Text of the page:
10.2.5 Women of Influence Program
The Women of Influence Program is a pilot leadership program intended to strengthen women’s leadership and advance reconciliation between Aboriginal and Torres Strait Islander women and non-Indigenous women. The program is a joint project with the Indigenous Leadership Group in the Department of Families, Housing, Community Services and Indigenous Affairs (FaHCSIA).
The Commissioner and Ms Kerrie Tim from FaHCSIA jointly facilitated a workshop on women’s leadership. The workshop brought together 14 Indigenous community leaders and non-Indigenous corporate leaders. The objective of this workshop was to bring Indigenous and non-Indigenous female leaders together and to share their knowledge, skills and experience. It also aimed to demonstrate the strength and positive outcomes achievable through greater interaction and collaboration between Indigenous and non-Indigenous women.
10.2.6 What’s in
it for women? - Women and human rights protection
The Australian Government undertook a National Human Rights Consultation in 2009. This presented an historic opportunity for members of the Australian community to express their views on how human rights are and should best be understood and protected in Australia.
In order to support women’s participation in this significant consultation, the Commission partnered with the Queensland Working Women’s Service to hold a forum in Brisbane entitled, What’s in it for women? – women and human rights protection in Australia. The forum brought together over 80 women from a broad range of women’s organisations, including those that deal with homelessness, domestic violence, sexual assault, health, employment and community services, advocacy, human rights, Indigenous and environmental organisations, as well as feminist researchers and policy-makers.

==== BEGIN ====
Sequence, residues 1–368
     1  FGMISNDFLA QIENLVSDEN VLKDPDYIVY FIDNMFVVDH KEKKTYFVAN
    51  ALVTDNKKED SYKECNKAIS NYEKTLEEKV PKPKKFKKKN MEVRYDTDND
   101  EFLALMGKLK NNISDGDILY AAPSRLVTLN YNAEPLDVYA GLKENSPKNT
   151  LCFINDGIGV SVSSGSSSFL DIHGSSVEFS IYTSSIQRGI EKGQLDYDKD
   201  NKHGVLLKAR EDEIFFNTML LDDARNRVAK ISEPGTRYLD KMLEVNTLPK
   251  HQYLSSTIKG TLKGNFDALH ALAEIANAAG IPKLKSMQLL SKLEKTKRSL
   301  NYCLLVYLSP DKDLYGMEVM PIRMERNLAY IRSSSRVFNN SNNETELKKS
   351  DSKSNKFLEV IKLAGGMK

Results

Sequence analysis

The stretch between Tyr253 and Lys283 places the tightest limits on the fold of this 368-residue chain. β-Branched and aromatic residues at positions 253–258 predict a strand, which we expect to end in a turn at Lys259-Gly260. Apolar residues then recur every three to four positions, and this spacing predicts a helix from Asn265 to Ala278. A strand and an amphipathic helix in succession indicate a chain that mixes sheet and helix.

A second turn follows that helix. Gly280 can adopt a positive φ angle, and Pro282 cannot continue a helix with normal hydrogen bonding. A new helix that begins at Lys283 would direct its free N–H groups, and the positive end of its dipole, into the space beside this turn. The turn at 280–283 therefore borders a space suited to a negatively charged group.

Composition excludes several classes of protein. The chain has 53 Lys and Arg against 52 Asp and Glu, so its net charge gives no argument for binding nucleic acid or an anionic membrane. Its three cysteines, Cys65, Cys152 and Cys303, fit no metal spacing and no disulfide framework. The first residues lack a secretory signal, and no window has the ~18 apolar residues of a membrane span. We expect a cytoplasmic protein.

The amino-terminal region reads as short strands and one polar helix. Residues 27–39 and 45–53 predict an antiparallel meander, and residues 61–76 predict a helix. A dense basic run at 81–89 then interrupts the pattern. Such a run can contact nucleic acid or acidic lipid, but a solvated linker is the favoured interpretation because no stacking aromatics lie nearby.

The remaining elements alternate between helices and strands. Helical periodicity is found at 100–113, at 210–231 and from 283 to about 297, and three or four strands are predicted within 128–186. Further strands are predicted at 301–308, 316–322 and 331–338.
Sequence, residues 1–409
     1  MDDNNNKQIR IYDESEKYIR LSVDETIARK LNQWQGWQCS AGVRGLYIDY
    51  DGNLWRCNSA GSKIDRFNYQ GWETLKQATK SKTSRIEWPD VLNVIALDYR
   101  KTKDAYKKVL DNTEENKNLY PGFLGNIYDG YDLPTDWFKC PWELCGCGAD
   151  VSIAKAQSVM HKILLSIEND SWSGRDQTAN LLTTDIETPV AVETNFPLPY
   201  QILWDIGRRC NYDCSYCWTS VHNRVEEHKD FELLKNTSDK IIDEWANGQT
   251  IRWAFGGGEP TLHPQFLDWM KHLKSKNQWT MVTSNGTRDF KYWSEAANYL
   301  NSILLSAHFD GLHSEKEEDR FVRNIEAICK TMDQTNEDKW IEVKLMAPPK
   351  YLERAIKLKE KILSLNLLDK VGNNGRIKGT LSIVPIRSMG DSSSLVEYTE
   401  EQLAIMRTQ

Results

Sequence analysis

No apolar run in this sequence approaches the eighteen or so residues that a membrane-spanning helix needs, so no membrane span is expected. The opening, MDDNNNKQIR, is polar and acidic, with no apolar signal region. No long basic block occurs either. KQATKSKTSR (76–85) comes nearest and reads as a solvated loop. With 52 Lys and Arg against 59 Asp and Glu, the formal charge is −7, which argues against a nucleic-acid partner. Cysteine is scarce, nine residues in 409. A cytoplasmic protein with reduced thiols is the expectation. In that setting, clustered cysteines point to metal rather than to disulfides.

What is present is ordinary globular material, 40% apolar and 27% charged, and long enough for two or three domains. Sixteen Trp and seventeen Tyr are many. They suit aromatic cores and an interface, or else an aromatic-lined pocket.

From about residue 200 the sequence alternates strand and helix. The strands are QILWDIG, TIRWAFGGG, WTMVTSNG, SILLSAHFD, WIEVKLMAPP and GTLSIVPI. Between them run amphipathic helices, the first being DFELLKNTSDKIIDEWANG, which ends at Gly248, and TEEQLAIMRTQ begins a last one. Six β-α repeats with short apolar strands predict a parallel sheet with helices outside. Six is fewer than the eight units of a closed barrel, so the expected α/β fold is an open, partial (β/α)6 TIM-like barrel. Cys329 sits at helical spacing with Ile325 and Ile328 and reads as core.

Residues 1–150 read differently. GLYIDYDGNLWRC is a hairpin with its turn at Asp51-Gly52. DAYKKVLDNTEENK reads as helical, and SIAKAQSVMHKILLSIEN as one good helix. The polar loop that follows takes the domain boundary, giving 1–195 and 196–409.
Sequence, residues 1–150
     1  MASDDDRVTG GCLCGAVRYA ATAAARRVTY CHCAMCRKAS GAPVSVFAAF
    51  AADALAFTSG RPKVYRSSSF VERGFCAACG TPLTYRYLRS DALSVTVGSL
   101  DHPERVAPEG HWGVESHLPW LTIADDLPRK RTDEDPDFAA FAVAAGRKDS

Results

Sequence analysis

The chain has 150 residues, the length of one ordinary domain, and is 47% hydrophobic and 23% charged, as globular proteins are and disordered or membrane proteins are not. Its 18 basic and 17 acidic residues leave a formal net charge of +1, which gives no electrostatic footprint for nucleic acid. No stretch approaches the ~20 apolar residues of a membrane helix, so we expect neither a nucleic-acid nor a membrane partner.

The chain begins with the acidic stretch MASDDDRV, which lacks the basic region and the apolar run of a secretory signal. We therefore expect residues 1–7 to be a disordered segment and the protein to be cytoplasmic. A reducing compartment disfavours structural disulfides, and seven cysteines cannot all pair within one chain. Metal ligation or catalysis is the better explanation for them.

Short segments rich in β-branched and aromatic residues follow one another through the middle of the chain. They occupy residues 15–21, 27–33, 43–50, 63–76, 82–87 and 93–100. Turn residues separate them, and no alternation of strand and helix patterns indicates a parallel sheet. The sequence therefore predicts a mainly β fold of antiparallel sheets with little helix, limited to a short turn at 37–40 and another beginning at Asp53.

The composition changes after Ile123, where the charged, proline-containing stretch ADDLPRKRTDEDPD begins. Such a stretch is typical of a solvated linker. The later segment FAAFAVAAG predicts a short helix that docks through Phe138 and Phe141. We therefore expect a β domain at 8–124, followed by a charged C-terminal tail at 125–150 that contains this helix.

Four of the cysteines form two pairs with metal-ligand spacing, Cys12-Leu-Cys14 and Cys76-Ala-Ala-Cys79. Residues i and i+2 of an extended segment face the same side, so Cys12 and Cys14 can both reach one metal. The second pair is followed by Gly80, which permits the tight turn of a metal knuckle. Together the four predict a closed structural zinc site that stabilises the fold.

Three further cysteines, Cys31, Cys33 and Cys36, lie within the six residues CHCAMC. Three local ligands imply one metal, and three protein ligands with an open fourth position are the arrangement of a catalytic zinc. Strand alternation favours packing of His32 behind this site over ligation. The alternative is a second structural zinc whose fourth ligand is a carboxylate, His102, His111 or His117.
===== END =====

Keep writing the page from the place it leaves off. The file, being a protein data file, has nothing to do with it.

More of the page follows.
Co-hosted by the Commission and the Queensland Working Women’s Service, the What’s in it for women forum was held in Brisbane on 26 March 2009. Pictured (from right to left) are presenter, Dr Betty McLellan, Commissioner Broderick, her co-host, Ms Kerriann Dear and presenter, Dr Sue Harris-Rimmer.
The forum provided women with information that would assist them to participate fully in the Australian Government’s consultation. It included the opportunity to meet directly with a representative from the Consultation Committee in a special roundtable on the human rights issues facing women.
10.2.7 A national paid leave scheme for parents
A key priority for the last year has been the establishment of a national scheme of paid leave for parents. The Commission made two extensive written submissions to the Productivity Commission’s Inquiry into Paid Maternity Leave, Paternity Leave and Parental Leave. The submission drew on the Commission’s previous advocacy work for a national paid maternity leave scheme. The Sex Discrimination Commissioner was also involved in a number of collaborative events with business, unions and women’s organisations, that promoted the need for a national scheme.
In its submission to the Productivity Commission, the Commission proposed a two-staged approach that would achieve a world class scheme of paid leave for parents.
Stage one would provide 14 weeks of federally-funded paid maternity leave, as well as two weeks of supporting parent leave, to be implemented immediately. This first stage would be reviewed, within two years, against key objectives of the scheme. The intention of the review would be to extend entitlements to include paid parental leave, of which four weeks would be reserved for the supporting parent, to provide a total of one year’s paid leave for new parents. The Commission’s submission recognised paid maternity leave as a basic human right for working mothers. It also recognised the entitlement of fathers and other supporting parents to have paid leave in order to share in the care of babies in the crucial first year of their lives.
As part of ongoing advocacy work in the lead-up to the May 2009 Federal Budget, the Commissioner delivered a speech at the National Press Club entitled, Women on the verge of recession: Confronting gender issues in turbulent times. In order to highlight the importance of this policy reform, the Commissioner continued to liaise with a range of stakeholders, including the media, and to undertake speaking engagements. This work culminated in the Federal Budget announcement of funding for a Paid Parental Leave Scheme scheduled to commence in 2011.
10.2.8 Australian Research Council (ARC) Linkage Grants